First lady and fashion icon Kennedy's hairstyle and couture made headlines. But what did her husband think of them?
"All these letters about my skirt's too short, and I said, 'But they're not too short,' and he said 'Oh, I guess you're right,'" she said. "But you know, he never said, 'Lengthen them.' He was never going to ask me to change, which I just think was so nice about him."
Kennedy's respect and admiration for her husband is obvious throughout the tapes. At the time she made them, she felt women were too emotional to run for politics.
"I remember I said it in an interview once, and we got all these irate letters, 'Where do get all your opinions from?' I get them from my husband. His were going to be the best," she said.
Kennedy revealed in the tapes that she was intimidated because she'd never been a natural in politics and disliked campaigning. She spent a lot of time worrying if life in the White House would ruin her marriage.
"I was always a liability to him, everyone thought I was a snob from Newport who had a bouffant and French clothes and hated politics," she said. "He'd get so upset for me when something like that came out. I'm sorry for you that I'm such a dud. He knew I loved him and did everything I could."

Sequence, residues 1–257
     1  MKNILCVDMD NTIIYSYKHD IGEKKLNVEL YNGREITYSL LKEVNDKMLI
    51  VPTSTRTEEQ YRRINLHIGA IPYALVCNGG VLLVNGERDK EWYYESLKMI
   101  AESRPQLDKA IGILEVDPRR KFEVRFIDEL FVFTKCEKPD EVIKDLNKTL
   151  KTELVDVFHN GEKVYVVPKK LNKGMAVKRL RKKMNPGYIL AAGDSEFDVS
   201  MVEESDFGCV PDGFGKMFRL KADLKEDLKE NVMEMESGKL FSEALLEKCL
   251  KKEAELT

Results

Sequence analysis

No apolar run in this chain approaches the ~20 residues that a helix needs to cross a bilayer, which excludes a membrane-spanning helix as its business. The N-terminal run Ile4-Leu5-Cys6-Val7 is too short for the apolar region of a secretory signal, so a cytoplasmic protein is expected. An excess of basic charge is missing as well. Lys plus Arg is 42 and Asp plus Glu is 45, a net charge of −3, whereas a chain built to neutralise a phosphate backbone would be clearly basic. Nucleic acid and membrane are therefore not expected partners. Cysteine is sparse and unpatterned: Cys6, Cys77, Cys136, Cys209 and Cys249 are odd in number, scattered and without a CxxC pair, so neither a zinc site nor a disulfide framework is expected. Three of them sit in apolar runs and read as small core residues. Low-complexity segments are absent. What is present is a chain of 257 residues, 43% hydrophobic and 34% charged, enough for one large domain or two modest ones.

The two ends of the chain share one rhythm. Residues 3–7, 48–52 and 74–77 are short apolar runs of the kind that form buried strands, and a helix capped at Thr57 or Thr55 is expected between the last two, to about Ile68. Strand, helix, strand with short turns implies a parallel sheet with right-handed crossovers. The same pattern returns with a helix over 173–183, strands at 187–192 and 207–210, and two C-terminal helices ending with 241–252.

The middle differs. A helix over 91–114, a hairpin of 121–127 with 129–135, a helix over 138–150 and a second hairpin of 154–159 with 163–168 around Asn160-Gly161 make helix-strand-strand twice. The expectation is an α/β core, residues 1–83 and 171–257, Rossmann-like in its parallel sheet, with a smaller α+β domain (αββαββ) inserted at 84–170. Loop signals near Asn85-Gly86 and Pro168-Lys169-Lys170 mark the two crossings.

But to the astonishment of the Kennedy family, the woman who thought she was a liability became the biggest political asset of all.
Jacqueline, as she called herself, shared these memories and more in a series of conversations recorded in 1964. They were recently compiled into a book by her daughter, Caroline, as featured in an exclusive by ABC's Diane Sawyer.
"All these years we said Jackie this and Jackie that, and Jacqueline, that is the way she pronounced her name. That's what she would say," Sawyer told Eyewitness News anchor Phillip Palmer.
In one of her more painful memories, Kennedy recalls a conversation with her husband about Abraham Lincoln's legacy.
"Would Lincoln have been as great a president if he'd lived? He said that was his question," she said. "Was it better for Lincoln that he died when he did? And then I remember Jack saying after the Cuban Missile Crisis, when it all turned so fantastically, he said, 'Well, if anyone's ever going to shoot me, this would be the day.'"
The full audio tapes and book "Jacqueline Kennedy: Historic Conversations on Life with John F. Kennedy," will be released in stores Wednesday.